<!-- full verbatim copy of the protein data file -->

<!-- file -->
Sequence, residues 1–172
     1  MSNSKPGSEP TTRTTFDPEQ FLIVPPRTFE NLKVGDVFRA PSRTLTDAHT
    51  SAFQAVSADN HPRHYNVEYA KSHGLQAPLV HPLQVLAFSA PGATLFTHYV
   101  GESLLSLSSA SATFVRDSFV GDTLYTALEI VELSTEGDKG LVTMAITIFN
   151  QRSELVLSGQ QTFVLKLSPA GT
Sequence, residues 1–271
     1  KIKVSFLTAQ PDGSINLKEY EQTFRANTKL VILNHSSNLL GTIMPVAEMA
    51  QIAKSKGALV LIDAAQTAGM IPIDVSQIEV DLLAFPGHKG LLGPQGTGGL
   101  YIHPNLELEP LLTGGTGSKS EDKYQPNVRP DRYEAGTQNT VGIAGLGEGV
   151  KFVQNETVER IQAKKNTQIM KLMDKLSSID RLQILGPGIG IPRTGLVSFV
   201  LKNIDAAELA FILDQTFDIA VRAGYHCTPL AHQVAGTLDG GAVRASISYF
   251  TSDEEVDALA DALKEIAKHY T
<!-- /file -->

Sequence, residues 1–172
     1  MSNSKPGSEP TTRTTFDPEQ FLIVPPRTFE NLKVGDVFRA PSRTLTDAHT
    51  SAFQAVSADN HPRHYNVEYA KSHGLQAPLV HPLQVLAFSA PGATLFTHYV
   101  GESLLSLSSA SATFVRDSFV GDTLYTALEI VELSTEGDKG LVTMAITIFN
   151  QRSELVLSGQ QTFVLKLSPA GT
Sequence, residues 1–271
     1  KIKVSFLTAQ PDGSINLKEY EQTFRANTKL VILNHSSNLL GTIMPVAEMA
    51  QIAKSKGALV LIDAAQTAGM IPIDVSQIEV DLLAFPGHKG LLGPQGTGGL
   101  YIHPNLELEP LLTGGTGSKS EDKYQPNVRP DRYEAGTQNT VGIAGLGEGV
   151  KFVQNETVER IQAKKNTQIM KLMDKLSSID RLQILGPGIG IPRTGLVSFV
   201  LKNIDAAELA FILDQTFDIA VRAGYHCTPL AHQVAGTLDG GAVRASISYF
   251  TSDEEVDALA DALKEIAKHY T